It’s hard to believe the Golden State Warriors are what they are today, an international phenomenon and the envy of the NBA.
It was just five seasons ago that the Dubs were a 23-win team, tanking for a high draft pick to bolster their burgeoning backcourt. They qualified for the postseason once over a span of 18 years and sent four total players to the All-Star Game from 1988 and 2013.
Today, they’re the eighth team in NBA history to send four players to the All-Star Game.
“Never thought it’d be a possibility in my Warrior career, especially when I was younger,” Klay Thompson said Wednesday, recalling his rookie season, the last time the Warriors didn’t make the playoffs. “Having it come to reality is really cool. Hope it’s not the last time either.”
The cause of Golden State’s meteoric rise is multifaceted yet simple: By utilizing practices that would make most businesses successful, owner Joe Lacob, general manager Bob Myers and head coach Steve Kerr have created a super team that has jelled faster than any other in the modern era.
Converging factors of luck, being on the forefront of a changing landscape and maintaining a holistic company culture have brought the franchise to new heights — even if the randomness of sports stopped the Warriors from reaching their ultimate goal last season.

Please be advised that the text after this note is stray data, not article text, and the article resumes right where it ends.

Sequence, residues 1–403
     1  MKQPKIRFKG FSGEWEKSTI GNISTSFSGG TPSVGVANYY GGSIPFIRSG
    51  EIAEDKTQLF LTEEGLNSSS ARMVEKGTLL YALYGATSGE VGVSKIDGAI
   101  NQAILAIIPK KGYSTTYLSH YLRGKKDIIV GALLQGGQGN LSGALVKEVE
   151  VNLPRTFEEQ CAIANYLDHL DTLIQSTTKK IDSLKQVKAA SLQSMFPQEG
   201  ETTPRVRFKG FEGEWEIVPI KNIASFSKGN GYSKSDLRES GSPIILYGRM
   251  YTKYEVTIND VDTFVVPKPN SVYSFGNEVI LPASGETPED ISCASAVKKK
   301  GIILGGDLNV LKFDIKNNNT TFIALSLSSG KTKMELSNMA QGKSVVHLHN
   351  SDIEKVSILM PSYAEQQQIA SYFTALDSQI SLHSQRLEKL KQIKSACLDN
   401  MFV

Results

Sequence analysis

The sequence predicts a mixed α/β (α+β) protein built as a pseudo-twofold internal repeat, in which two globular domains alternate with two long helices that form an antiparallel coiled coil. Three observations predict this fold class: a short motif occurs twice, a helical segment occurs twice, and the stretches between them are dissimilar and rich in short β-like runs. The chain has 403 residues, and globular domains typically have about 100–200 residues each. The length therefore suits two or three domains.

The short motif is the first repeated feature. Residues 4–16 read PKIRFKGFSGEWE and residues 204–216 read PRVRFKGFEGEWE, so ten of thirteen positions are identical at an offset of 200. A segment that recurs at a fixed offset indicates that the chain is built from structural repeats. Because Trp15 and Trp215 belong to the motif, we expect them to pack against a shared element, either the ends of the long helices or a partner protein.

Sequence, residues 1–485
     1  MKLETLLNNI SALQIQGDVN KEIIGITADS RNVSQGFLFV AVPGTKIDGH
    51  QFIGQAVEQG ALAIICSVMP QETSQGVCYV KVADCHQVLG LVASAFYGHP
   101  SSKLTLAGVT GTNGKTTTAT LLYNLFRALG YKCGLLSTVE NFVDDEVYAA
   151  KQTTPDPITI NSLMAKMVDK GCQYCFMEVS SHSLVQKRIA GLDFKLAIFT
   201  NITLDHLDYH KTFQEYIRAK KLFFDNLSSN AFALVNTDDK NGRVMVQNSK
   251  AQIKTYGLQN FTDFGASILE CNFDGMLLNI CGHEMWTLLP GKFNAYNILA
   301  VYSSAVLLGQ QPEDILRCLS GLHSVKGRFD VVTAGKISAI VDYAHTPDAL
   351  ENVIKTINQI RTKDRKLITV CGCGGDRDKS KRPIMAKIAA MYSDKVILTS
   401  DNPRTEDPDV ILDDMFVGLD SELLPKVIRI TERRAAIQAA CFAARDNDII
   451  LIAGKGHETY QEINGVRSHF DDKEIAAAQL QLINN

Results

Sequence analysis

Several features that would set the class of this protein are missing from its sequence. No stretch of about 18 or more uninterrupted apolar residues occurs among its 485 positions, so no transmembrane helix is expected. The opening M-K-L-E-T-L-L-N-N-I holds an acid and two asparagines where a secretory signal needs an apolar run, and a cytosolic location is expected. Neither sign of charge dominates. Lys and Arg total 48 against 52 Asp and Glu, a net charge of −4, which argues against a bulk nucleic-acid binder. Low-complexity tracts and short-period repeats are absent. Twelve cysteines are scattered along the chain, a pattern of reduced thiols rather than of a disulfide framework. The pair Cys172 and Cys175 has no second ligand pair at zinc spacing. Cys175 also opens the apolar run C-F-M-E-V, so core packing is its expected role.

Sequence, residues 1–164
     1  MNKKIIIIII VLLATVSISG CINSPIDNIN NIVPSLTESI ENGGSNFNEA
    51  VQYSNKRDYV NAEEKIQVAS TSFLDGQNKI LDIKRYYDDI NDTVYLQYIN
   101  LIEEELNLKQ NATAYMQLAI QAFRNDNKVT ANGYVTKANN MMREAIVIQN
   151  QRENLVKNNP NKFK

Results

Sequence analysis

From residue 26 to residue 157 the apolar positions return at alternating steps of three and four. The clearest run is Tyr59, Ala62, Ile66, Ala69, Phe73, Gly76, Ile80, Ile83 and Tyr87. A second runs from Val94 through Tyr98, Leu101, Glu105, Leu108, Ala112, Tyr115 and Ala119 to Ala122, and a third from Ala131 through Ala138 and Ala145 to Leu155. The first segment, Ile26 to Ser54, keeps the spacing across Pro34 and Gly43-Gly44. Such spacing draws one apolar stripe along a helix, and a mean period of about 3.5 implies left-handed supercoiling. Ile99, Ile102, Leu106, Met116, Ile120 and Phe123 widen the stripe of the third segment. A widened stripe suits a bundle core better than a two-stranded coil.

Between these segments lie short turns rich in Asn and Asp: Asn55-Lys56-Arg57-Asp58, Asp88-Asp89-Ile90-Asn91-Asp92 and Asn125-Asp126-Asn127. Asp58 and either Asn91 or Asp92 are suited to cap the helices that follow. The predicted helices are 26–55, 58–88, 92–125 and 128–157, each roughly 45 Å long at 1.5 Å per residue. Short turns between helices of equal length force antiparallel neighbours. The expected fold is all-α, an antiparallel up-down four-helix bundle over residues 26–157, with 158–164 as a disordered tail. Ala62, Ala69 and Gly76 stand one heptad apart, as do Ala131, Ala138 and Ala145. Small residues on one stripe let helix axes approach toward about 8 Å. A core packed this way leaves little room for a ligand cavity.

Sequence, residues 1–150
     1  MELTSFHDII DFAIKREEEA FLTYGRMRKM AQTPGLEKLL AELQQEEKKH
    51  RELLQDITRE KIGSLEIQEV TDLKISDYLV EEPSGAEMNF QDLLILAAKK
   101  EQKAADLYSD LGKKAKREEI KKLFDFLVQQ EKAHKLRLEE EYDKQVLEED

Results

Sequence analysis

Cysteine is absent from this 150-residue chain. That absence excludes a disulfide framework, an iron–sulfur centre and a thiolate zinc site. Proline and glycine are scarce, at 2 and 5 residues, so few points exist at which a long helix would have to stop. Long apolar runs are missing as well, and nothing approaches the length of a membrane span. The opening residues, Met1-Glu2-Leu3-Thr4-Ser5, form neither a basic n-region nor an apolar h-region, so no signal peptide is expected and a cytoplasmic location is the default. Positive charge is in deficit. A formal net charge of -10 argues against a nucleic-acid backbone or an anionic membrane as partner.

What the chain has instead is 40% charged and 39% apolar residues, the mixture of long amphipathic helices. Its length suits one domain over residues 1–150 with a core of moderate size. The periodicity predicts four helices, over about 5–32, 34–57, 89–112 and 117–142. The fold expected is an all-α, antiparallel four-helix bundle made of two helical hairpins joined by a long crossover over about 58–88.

RIGHT TIME, RIGHT PEOPLE
Before the 2004-05 season, the NBA implemented a rule change that proved to alter the way the game was played. After years of low-scoring teams dominating the league and hurting ratings, a prohibition was placed on hand-checking on the perimeter.
The result in the abstract was freer movement by offensive players. In practice, it allowed for the fast-paced Phoenix Suns to seriously compete and force people to change the way they view the game.
Between 2006 and 2008, the Mike D’Antoni-led Suns captivated the league with their open-style play that relied on 3-point shooters, finishers at the rim and ’tweeners bending position constraints.
But, most importantly: It proved there was more than one way of putting together a great team.
Kerr overlapped with D’Antoni for one season in Phoenix.
Within a couple years, though, D’Antoni’s ideas became commonplace as teams adjusted to the rules and relied more on analytics that — among other things — placed a higher value on 3-pointers.
Teams have shot more long-balls per game each season since 2011. That creates a greater demand for shooters. Fortunately for the Warriors, they drafted Stephen Curry in 2009 and Klay Thompson two years later.
Adding two of the best shooters of all time while the game shifted to place a higher value on 3-pointers was either a stroke of luck or genius — and most likely somewhere in between. And the same could be said about changing course by firing Mark Jackson in 2014 despite coming off a pair of playoff berths.
When the position opened, Kerr pitched to Lacob and Myers a new approach the team could take toward its offense.
“When I took over, the team had been ranked fourth defensively the year before,” Kerr said. “So, we knew we had a great defense. My whole pitch was we’ve got to play faster and move the ball and take advantage of that defense and convert defense to offense.”
Thompson attests to the effectiveness of the shift, saying, “The ball moves a lot more,” when asked what the biggest changes have been under Kerr.
NO GOOD INTEL IS WASTED